Harlow’s PRiSM Quest To Keep Their Legacy Alive

Al Harlow of PRiSM – Photo by Debbie Albrough

By Keith Sharp

An examination of PRiSM’s personnel timeline on Wikipedia reveals that no less than 24 musicians have featured in the band since two other Vancouver-based bands; Seeds Of Time and Sunshyne, merged together in the early 1970s as a studio project producer Bruce Fairbairn was assembling, eventually developing into a five piece rock band in 1977 called PRiSM. And although the band’s lineup has been in constant flux since that time, the one (near) constant player has been Al Harlow.

On Friday, September 9th, Harlow will bring the current version of PRiSM to Toronto’s legendary El Mocambo Tavern before appearing at Casino Rama near Orillia the following night in a lineup with fellow Vancouverites Trooper and Toronto’s Saga.

Al Harlow Now! Album

Phoning from his Vancouver residence, Harlow notes he was a solo artist before joining PRiSM, just after the band had issued their debut, self-titled release in 1977 and was in the process of recording a solo album when he got the phone call to replace Tom Lavin in PRiSM that year. “I’ve always been a solo guy,” Harlow admits. “And I’ve lived with a bit of a stigma of taking over lead vocals after Ron Tabak (who died December 24th, 1984). It’s been a bit of an axe for me to grind, so during the COVID layoff, I released “Al Harlow Now!”

It’s a big statement for me, quite separate from Prism. My production team spared no expense; we have some notable guest musicians, mixed and mastered in world-class facilities.” Harlow shared. “I wanted to establish Al Harlow as a recording artist separate from the Prism Home base.

I also remastered my first album from the 70s, which I was recording before I went over to PRiSM, to be released next year as `Al Harlow THEN,’ an archival companion piece to `Al Harlow Now!’ Harlow claims his band has been understanding of his desire to release his solo project and has incorporated one of his new tracks, “Let It Go,” into the band’s live setlist. “I think my new solo album has inspired a future PRiSM album. There’s a feeling now that there’s still fuel in our gas tank and that we still have something to prove.”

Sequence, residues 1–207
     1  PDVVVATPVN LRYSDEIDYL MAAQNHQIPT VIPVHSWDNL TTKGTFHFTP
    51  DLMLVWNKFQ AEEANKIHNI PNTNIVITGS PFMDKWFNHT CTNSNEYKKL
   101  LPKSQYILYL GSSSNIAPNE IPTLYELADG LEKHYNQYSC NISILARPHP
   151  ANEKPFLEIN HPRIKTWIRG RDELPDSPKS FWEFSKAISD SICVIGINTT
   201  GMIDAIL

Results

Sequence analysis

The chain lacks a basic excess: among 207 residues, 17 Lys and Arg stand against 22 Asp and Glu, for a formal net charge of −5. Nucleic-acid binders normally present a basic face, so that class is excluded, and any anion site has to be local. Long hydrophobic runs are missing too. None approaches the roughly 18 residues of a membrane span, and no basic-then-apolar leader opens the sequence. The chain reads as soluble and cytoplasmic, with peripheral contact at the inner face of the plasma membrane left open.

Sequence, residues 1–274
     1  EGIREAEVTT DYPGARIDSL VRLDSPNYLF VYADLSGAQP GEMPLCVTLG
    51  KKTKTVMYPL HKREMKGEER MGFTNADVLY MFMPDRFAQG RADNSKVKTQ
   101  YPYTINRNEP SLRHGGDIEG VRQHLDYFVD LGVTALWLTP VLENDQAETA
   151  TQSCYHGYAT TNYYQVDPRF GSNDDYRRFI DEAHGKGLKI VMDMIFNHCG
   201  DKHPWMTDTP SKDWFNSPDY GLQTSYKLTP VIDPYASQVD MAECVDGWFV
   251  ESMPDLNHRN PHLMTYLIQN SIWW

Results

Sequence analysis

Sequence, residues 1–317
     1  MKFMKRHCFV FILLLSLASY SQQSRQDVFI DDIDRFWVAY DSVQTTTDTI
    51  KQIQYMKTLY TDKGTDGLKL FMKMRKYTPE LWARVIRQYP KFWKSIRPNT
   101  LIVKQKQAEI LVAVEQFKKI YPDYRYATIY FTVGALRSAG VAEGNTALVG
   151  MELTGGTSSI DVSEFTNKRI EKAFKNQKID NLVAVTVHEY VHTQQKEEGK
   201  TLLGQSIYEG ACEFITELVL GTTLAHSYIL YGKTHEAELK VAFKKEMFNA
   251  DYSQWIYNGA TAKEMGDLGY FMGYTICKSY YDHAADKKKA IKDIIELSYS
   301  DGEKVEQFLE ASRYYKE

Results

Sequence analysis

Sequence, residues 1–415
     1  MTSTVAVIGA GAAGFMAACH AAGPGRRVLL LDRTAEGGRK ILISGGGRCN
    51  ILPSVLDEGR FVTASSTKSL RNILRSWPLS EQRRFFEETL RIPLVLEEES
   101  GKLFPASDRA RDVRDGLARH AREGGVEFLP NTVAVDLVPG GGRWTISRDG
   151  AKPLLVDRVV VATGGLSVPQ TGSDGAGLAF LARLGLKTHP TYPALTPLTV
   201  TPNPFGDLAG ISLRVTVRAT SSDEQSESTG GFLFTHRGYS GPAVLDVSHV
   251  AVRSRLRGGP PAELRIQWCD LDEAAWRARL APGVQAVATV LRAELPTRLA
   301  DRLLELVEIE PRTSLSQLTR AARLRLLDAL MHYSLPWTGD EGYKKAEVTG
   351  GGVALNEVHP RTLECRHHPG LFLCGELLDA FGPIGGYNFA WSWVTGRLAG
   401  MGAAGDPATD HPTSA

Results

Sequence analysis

Although it could be argued that PRiSM was at its peak in the late 70s early 80s when the core lineup of Tabak (lead vocals), Lindsay Mitchell (lead guitar), Rocket Norton (drums), John Hall (keyboards) and Harlow released key albums like ‘See Forever Eyes’ (1978), `Armageddon’ (1979), and `Young And Restless’ (1980) which spawned a slew of hit singles; “Spaceship Superstar,” “Take Me Away,” “Flying” “See Forever Eyes” and “Armageddon” to name just a few, their lineup seemed to be in question.

Prism – Spaceship Superstar

It all came to a head when Tabak was fired by band manager Bruce Allen due to Tabak’s drug problem. PRiSM’s performance at Toronto’s Danforth Theatre on December 9th, 1980, would be his last and replaced by former Scrubbaloe Caine frontman Henry Small. Not a good move, as things turned out. Surviving PRiSM members rebelled at Small’s authoritarian approach after the release of their 1982 `Small Change “album. with virtually the whole band quitting and Small forming his own PRiSM lineup for a 1982 tour in support of the band’s `Small Change’ release.

Prism Promo Photo
Prism Promo Photo

PRiSM then entered into a period of flux after Small quit following a solo album `Beat Street’ in 1983, which still carried a PRiSM tag, but Harlow, Norton, and Mitchell reunited in 1987 when Capitol released a “60 Minutes With PRiSM” compilation album with one of two new tracks; “Good To Be Back” written by Harlow, Adams and Vallan, featuring new vocalist Darcy Deutsch featured on the two tracks. They then recorded an album `Jericho’ in 1993, with Harlow taking over vocals in 2003.

Al Harlow
Al Harlow

“Personally, I’ve never taken a day off, working with PRiSM,” Harlow explained. “Our legacy is to keep the band fresh and relevant. It’s a matter of reality that musicians are going to retire or die, unfortunately, but it’s the legacy of the music that’s important. Keeping the music alive and the band exciting onstage, the audience still supports it.”

Fans wishing to purchase tickets for PRiSM’s El Mocambo date Friday, September 9th can do so by linking to

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